Midweek update

The House has been debating this week the appropriations bill for the financial services and general government operations (HR 5160), and this afternoon the House passed the bill in a vote along party lines. This is the bill that funds the Office of Personnel Management and the FEHBP. 

On Monday, the Congressional Budget Office released its report on the Senate Postal Service reform bill, S. 1486. That bill would establish a Postal Service health plan within the FEHBP. This new plan would have mandatory integration with Medicare Parts B and D for annuitants. CBO projects that this approach will save the Postal Service $1 billion over 10 years.

The Commonwealth Fund has created an initiative looking at ways to improve provider incentive programs. The “initiative recognizes that a wide range of factors influence providers’ choices, beyond financial rewards or penalties, including intrinsic motivation and medical professionalism, organizational influences, and policy.” An example of a non-financial reward is

Leveraging providers’ innate desire to do a better job. Psychological research also demonstrates that nonmonetary motivators, such as peer comparisons, may strengthen people’s inherent desire to perform well. The introduction of quality report cards for cardiac surgeons across Pennsylvania had a four times larger effect on surgeons’ performance than profit incentives.

Speaking of quality report cards, U.S. News and World Report has released its 2014-15 Best Hospital rankings according to the Fierce Healthcare website. The rankings include an Honor Roll of the top 10 hospitals. The closest top 10 hospital to Washington DC is Johns Hopkins in Baltimore. Johns Hopkins health system has taken over a number of suburban DC hospitals in Maryland and Virginia.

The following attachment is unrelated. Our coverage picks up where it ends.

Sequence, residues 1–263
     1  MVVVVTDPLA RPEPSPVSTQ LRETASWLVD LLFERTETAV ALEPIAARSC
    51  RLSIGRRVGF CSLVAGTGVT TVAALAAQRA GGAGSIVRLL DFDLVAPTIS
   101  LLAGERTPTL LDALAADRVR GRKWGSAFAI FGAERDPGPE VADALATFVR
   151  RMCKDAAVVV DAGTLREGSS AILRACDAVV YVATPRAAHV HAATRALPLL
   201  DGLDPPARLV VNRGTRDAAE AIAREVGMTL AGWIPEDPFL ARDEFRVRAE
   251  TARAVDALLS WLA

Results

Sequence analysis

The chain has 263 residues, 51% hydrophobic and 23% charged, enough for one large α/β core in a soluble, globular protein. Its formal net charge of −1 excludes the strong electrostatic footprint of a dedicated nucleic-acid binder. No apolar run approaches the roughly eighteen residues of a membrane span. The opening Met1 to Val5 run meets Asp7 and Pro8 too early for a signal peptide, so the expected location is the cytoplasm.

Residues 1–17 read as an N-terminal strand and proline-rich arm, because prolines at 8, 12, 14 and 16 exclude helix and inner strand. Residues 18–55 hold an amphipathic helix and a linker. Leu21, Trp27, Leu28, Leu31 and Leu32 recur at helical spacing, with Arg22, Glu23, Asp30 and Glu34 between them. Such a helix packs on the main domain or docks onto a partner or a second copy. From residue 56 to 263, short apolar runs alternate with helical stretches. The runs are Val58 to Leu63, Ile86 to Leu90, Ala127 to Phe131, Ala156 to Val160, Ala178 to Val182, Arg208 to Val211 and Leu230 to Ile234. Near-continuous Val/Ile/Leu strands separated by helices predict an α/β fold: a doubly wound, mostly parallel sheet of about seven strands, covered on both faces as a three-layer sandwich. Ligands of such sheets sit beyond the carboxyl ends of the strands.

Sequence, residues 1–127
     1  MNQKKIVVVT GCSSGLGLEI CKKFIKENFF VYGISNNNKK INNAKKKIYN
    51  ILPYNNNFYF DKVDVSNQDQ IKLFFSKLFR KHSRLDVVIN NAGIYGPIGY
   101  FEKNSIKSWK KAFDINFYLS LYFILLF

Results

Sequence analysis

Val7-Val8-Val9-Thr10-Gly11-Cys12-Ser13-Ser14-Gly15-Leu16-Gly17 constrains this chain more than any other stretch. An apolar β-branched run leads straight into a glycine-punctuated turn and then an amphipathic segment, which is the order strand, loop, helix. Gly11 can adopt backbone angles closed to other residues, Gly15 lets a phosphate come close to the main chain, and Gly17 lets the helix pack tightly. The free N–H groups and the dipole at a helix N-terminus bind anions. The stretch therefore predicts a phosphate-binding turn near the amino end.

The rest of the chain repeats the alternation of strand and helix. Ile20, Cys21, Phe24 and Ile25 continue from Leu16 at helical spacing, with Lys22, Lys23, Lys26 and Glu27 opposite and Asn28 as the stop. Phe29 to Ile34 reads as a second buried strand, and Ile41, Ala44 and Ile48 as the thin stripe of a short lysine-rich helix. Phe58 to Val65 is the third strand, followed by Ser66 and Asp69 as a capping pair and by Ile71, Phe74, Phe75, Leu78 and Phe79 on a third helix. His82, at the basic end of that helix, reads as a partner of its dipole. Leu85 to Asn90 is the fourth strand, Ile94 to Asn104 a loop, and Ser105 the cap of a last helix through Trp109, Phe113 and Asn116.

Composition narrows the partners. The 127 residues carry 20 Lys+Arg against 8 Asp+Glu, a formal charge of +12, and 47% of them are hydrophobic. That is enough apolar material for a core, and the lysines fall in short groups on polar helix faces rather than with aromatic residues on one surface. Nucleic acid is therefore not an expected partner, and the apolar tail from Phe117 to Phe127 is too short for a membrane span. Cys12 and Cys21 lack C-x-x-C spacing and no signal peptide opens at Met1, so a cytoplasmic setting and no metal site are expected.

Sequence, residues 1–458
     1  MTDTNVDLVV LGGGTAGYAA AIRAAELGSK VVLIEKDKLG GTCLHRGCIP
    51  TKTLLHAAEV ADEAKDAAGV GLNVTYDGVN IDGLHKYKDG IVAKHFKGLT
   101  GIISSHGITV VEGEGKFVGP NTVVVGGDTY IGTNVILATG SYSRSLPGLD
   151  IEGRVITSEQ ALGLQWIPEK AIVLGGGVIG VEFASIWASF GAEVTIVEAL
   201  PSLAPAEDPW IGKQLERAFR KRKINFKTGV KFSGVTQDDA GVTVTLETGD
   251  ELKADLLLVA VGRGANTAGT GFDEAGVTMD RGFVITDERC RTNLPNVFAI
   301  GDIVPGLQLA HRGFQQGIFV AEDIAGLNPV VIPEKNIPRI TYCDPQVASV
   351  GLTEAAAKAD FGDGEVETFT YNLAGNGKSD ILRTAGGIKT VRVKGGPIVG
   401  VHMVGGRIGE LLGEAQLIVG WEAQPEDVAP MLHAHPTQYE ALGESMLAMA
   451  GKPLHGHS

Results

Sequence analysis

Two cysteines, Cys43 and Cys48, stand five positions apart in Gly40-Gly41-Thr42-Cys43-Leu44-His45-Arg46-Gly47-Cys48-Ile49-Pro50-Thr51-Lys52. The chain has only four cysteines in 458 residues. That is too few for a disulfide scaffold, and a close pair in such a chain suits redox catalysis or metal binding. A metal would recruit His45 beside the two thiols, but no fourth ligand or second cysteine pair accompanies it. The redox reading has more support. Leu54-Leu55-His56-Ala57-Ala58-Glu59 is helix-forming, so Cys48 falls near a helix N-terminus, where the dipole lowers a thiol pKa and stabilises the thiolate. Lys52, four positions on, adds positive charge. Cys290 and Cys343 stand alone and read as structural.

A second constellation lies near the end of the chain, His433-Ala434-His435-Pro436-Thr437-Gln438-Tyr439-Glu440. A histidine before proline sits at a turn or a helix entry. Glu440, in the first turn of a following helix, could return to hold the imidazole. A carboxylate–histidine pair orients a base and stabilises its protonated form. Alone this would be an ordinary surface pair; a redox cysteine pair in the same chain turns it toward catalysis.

Finally, the Seattle Times reports on health plan efforts to expand coverage of telehealth services. The article discusses the debate over the proper form and role of telemedicine.

It’s a debate that has included the American Medical Association (AMA), which last month offered new guidelines to shape telemedicine’s development; state licensing boards that agreed on their own draft policy in April; five of the nation’s top publicly traded health insurers; and a small group of closely held telemedicine companies convinced their time has come as concerns about medical cost and access rise.
The discussion promises to escalate as patients become increasingly sophisticated in their online pursuits, delays in making doctor appointments grow longer, and the cost of services provided by medical centers increases.
“More and more patients are comfortable seeing a physician online,” said Jonathan Linkous, CEO of the American Telemedicine Association.
“It’s an adoption process. They understand it, and use it,” Linkous said.